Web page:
Service Delivery Strengthening

Despite the impressive progress in contraceptive use in recent decades, an estimated 225 million women around the world have unmet need for family planning; 45% of these women reside in South and Central Asia and 22% in sub-Saharan Africa. Many effective and acceptable practices in family planning and reproductive health service delivery are known, but have not been implemented effectively and at scale to bring the desired impact that will benefit women, girls, and men. E2A is designed to support efforts to reduce this huge unmet need by strengthening service delivery and scaling up these proven family planning and reproductive health best practices.

The overarching strategy for E2A’s approach to service delivery strengthening is to increase access to and utilization of quality family planning and reproductive health services appropriate at each stage of the lifecycle to meet changing family planning and reproductive health needs over time and reduce unmet need for contraception. E2A activities support and strengthen diverse elements of service delivery. The three cross-cutting areas of youth, gender, and community participation are fundamental to E2A’s approach.

Starting from the foundation of country priorities, policies, and guidelines, E2A collaborates with country stakeholders to assess gaps and develop activities to strengthen family planning services. By taking into consideration elements of both demand and supply, activities are geared towards strengthening service delivery in a sustainable, comprehensive way, while also supporting the development of a long-term, enabling environment.

Examples of supply-side elements include: access to family planning offered through a variety of service-delivery approaches at facility and community level by both public and private sector; equitable services that are responsive to the needs of communities; availability of a broad mix of contraceptive methods; integration of family planning with health and non-health services; adequately equipped health facilities that are staffed by providers who have the necessary skills to provide quality services; effective management and operations; performance and quality improvement systems; and functional referral systems.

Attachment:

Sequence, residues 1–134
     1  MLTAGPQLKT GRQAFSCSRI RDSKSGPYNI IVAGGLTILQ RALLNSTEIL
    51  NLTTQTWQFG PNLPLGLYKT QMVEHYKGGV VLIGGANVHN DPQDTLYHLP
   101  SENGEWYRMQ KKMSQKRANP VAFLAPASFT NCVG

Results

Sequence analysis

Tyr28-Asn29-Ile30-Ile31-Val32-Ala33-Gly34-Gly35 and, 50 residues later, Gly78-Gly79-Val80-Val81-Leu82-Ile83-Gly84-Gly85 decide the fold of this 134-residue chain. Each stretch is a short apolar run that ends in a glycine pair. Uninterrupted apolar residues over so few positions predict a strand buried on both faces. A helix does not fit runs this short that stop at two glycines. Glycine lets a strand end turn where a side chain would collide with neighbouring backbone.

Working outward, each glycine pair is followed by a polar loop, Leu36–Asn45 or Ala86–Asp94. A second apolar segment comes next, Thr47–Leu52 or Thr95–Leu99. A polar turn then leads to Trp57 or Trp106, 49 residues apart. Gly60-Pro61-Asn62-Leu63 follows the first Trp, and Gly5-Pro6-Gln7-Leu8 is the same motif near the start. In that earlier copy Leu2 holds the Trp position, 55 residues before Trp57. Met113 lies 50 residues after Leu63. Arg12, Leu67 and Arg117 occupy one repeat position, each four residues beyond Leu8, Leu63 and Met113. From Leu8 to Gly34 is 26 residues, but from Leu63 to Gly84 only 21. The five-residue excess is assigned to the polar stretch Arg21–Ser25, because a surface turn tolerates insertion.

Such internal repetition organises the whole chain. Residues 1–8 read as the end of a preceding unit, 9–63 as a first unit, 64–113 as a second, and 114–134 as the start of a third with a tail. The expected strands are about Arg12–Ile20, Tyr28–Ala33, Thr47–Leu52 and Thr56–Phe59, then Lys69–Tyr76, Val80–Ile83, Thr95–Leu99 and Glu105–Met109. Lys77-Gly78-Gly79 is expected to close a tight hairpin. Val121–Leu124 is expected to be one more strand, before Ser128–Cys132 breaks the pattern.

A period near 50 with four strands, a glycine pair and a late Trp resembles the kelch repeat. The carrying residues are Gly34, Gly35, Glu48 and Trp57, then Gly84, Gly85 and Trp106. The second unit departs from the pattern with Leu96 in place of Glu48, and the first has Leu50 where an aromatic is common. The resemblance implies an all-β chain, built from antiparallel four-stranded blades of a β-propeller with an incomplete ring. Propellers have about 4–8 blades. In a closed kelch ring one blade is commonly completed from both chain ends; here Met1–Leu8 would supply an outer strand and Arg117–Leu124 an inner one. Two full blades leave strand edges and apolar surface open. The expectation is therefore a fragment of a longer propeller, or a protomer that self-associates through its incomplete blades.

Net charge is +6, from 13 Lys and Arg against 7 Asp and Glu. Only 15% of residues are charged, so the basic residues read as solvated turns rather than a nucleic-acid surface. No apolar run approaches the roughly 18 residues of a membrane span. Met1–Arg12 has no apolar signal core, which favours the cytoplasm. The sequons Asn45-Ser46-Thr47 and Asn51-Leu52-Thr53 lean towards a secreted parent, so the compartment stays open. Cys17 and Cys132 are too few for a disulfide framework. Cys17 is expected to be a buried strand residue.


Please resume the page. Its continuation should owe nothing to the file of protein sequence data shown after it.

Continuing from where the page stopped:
Examples of demand-side elements include: use of different models of behavior-change communication, with targeted messages appropriate to the different needs of each phase of the reproductive lifecycle; a rights-based approach to service provision; community mobilization for participation; social marketing and whole market approaches; and reduction in the cost of family planning use to the client.

Examples of enabling environment elements include: management and leadership; supportive policies and guidelines; evidence-based decision making; contraceptive security; availability of human and financial resources; community mobilization to address socio-cultural barriers to family planning; youth responsiveness; and strategies to address gender norms.

While no single activity can address all of these elements, service-delivery support can be designed within this wider context in order to maximize its contribution to impact and sustainability. By seeking out partnerships, adapting and applying tested tools and methodologies to identify gaps in service delivery, seeking in-country consensus, and providing assistance to apply best practices, E2A works to create synergies and build on experience. E2A also focuses on the documentation and dissemination of successful approaches to strengthening service delivery, further contributing to the global knowledge base of effective approaches.